Now enter Bob’s nasty little buddy, THE MARKET. Because after she bravely wrote her heart out and sent her manuscripts out on submission, Jane started acquiring rejections that said,  “I loved it, but I’m afraid it’s just too quiet for today’s Market,” or “Funny, but not quite where the boy book Market is heading,” or, “I just can’t see this story making it out of the midlist in today’s Market.” (Which also means it won’t make it into the midlist, because it won’t make it into print.)

All of which causes the aspiring and increasingly desperate Jane to give in to her earlier temptation and embark upon revisions that make those ill-fated chickens return as zombies that do unspeakable things to the Magic Carp, not to mention the coal miner’s daughter, and as she works, she will compose increasingly long, run-on,  crazy-desperate sorts of sentences while gnashing her teeth and muttering, “LOUD? DARK??? I’LL SHOW YOU LOUD AND DARK!!!!”

The Zombie Chicken does unspeakable things to the Magic Carp.

I’m not trying to be bitter here and I hope none of you will take me that way. There is a message of hope that I am getting to, so put down that razor blade and keep reading. I have heard those kinds of rejections, but eventually, I also heard:  “I love it, I want to publish it, we’ll find it’s place in this Market.” And all without zombie chickens. (although there is still time to work in the zombie chickens, should my editor be reading this. Call me.)

I know, mine is only one small success. And even now I sometimes hear about a writer whose debut trilogy of dark novels has been fast-tracked, and optioned, and promoted like crazy, and I find myself wondering if the zombie chickens weren’t the way to go (oops–I mean, Jane wonders. This is about Jane.) But mine is not the only story where heart mattered more than market trends. More than one of us here at EMU’s Debuts can attest to that. So all in all, I am content with my gentle story of human strength and perseverance, and more than content that it found a home. Editors have to think about the market, that’s their job, but they also want original, beautiful, well-crafted manuscripts, and they understand things about the market beyond what the novice writer sees. Trust yourself, and trust them to find a place for you.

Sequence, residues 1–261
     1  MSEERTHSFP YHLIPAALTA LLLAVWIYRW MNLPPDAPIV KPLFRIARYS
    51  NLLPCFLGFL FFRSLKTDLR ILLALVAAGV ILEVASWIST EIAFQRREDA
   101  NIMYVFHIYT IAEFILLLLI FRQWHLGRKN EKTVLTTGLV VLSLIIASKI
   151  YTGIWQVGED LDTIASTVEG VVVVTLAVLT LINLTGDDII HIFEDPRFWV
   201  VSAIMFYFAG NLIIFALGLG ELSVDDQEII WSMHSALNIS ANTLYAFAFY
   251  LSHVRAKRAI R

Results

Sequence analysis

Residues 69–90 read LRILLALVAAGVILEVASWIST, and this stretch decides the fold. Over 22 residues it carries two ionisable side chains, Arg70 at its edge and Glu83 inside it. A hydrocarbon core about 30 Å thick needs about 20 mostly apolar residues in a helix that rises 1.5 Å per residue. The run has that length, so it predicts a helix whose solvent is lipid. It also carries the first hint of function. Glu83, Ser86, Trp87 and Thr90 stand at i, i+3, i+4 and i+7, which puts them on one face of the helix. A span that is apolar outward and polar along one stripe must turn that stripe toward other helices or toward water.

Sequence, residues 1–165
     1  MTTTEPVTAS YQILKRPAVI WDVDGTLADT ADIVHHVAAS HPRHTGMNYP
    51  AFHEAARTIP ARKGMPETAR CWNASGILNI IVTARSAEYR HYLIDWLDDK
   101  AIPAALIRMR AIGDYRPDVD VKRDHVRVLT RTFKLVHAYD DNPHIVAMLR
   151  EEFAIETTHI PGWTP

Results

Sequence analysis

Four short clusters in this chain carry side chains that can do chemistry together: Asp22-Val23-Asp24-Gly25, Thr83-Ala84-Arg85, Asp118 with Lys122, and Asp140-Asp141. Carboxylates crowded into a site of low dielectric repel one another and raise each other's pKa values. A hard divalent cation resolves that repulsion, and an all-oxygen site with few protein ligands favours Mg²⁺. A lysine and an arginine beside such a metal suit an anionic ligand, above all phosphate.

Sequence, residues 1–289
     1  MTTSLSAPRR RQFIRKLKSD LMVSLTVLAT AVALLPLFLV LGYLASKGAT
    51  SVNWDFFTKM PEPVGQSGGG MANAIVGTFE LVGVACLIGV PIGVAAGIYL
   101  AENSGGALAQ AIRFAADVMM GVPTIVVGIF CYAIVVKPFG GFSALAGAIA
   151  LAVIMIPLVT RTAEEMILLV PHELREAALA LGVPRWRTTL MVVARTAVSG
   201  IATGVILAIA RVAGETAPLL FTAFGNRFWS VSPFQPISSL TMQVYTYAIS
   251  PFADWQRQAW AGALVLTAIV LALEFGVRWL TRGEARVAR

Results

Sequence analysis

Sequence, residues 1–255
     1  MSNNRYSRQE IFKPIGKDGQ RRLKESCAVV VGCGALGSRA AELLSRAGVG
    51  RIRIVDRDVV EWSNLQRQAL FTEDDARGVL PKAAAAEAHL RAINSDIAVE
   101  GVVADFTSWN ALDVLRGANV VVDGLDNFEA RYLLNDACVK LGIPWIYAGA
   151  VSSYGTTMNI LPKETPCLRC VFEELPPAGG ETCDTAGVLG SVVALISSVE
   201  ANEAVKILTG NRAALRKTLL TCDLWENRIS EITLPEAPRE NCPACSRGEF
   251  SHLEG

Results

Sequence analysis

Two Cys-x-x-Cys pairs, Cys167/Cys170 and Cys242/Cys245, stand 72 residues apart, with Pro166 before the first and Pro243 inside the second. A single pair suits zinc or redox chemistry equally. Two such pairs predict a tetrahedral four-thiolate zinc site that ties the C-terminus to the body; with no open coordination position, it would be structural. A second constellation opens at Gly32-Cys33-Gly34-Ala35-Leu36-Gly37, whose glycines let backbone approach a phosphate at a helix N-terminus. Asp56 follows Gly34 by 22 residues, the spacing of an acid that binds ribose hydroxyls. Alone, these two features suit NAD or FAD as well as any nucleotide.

And one final thought on the dark YA debate, before I leave it. After reading the many responses on blogs, newsletters, journals, Facebook, and Twitter, I am proud to be part of a community that responded with so much passion. The response is one more proof that whether their writing is dark, light, or chiaroscuro, kid-lit writers are truly writing their hearts out.

The Magic Carp prevails! (Courtesy of Greg Tanaka)



Filed under Publishers and Editors, Writing, Writing and Life

17 responses to “Meet Bob, and his little friend The Market. And try not to flinch.

  1. First, wow–that Greg Tanaka brings some kind of vision to his art!

    And second, YEAH! THAT’S RIGHT! What JEANNIE said.

    When I was facing a debilitating round of rejections on my novel, my sister kept whispering in my ear, “You need to turn those two best friends into lesbian vampires.” She already sensed that the inclusion of straight vampires in a realistic upper-middle grade novel wasn’t going to be quite enough to get the story noticed.

    I managed to do a revision without vampires of any kind that moved the story far enough out of the “too quiet” waters. So I hear you. I hear Jane. I understand the urges to zombify our chickens, and you can quote me on that. And I’m glad you Emu’s Debut folks are blogging about finding the other road–

    (And to the reader of this blog who just had a light bulb moment–zombie chickens meet the lesbian vampires–go for it.)